Sailfish on this eastern African coast come alive at this time of year. The water warms to over 26 degrees, and goes electric blue and crystal clear. Baifish move into the shallows and the sailfish come out of the deep to prey on them. Although normally living far off sea, in season they swim right into the inshore reef areas and even the surf line.
The birds(resident terns mainly around here) that follow them in co-operation, display a completely different pattern as they fly vertically up and down staying very close to the water. They also throng together more and can distinctly be seen to be following a particular fish, as opposed the normal chaos we see when working with yellowfin tuna or king mackeral. Wether or not the birds show the sailfish where the baifish shoals are, is open to debate, but we use the birds to locate fish, so why not?
There is also great debate on conservation, and before we all knew the facts, we were tagging and releasing sailfish – decades ago.
The next question was that of their survival after tagging – but that was put to rest by a study done on fish released from longlines in the U.S. They came up with a 95% survival rate, usinga tellymetry tagging system!
Sailfish breed in the open ocean, in pairs or small groups. She can lay a few billion eggs at a time, and they hatch in only 36 hours. Then they grow formidably fast, and reach 3 metres in one year! The world record is 100 kg’s, with Dubai being a particularly hot spot for the big ones.
There are two species of sailfish, each living in different oceans. The Indo-pacific version, which we get, and the Atlantic Sailfish. These species are also separated into different colonies, and monitored accordingly. The facts are this. That sailfish are one of the most likely candidates to survive and even prosper, under the plight of man. As man removes it’s competition – the tunas and other billfish, the sailfish’s fast growth and open ocean habitat, the sailfish may get more to eat.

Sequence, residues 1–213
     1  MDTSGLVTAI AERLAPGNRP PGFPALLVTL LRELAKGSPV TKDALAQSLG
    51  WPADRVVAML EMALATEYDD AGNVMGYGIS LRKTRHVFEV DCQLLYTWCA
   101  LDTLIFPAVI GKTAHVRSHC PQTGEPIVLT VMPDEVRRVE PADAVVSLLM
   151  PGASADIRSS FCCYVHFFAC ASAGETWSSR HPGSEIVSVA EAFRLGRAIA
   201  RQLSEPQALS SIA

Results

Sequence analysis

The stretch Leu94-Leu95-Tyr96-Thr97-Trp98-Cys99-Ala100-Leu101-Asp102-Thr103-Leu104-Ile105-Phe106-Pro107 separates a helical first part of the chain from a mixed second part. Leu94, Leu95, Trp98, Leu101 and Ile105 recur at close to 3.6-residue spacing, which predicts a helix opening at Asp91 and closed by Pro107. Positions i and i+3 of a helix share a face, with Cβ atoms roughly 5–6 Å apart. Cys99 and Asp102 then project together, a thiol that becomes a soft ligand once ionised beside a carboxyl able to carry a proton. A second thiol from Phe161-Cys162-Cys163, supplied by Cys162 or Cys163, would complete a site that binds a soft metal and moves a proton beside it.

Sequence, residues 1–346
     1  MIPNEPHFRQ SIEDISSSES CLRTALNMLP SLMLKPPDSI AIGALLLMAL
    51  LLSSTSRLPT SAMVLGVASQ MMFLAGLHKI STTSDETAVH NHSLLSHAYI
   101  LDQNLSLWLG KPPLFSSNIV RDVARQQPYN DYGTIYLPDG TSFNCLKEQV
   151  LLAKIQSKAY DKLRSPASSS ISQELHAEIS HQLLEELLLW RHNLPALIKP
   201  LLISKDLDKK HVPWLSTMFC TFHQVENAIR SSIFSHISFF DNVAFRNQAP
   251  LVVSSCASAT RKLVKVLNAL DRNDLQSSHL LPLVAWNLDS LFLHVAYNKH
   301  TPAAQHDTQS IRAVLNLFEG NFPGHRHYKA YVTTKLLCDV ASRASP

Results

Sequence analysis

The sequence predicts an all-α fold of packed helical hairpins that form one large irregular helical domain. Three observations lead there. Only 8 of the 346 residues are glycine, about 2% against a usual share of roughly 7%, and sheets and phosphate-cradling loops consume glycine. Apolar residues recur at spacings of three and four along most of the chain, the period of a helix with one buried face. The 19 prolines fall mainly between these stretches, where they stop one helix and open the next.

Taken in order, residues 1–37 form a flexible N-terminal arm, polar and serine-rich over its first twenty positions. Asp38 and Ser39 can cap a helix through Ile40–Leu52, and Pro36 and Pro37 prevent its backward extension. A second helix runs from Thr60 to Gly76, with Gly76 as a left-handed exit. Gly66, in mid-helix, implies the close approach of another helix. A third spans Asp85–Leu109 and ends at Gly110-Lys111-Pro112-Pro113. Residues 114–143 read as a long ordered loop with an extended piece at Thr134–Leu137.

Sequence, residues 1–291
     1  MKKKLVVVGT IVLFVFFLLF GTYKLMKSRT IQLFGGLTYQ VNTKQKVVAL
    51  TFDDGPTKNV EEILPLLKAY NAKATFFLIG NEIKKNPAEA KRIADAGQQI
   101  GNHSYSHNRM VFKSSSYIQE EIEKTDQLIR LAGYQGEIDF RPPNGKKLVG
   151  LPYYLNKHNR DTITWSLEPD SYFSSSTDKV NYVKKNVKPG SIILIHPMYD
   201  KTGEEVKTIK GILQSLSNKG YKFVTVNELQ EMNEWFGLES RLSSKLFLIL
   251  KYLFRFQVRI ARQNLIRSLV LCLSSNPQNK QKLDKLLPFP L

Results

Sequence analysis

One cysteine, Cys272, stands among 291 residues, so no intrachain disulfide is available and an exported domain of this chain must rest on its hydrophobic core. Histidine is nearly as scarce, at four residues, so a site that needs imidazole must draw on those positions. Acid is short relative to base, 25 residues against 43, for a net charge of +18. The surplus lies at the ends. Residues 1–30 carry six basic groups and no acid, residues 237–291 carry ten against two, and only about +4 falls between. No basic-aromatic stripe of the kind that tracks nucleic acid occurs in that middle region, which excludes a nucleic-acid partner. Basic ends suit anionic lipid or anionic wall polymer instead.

Captain Duarte Rato on Bazaruto Island has actually noted an increase in sailfish and sailfish activity in his waters. And although still a very rare occurrence, we also have encountered a few more sailfish than usual.
As to their culinary potential. For years, no-one ate sailfish. They were given to crew and generally thought to taste terrible. How wrong we were. Marinate and braai sailfish chunks on a hot fire, quickly, and make your decision. Even better, cold smoke the fillets and eat the best tasting sandwiches for lunch for months!
We still try to tag and release all our sailfish, it’s one of the best moments you could ever experience when you see your fish swim away, but every now and then one gets injured or fights too long and it comes home.
This sailfish was one of those so it came home. Caught by Paul Stockhill 22 December off Port Shepstone. Niteshift the boat.
And then check out this absolutely amazing video of sailfish hunting a baitball off Mexico. If this doesn’t get you tying traces and changing line, nothing will!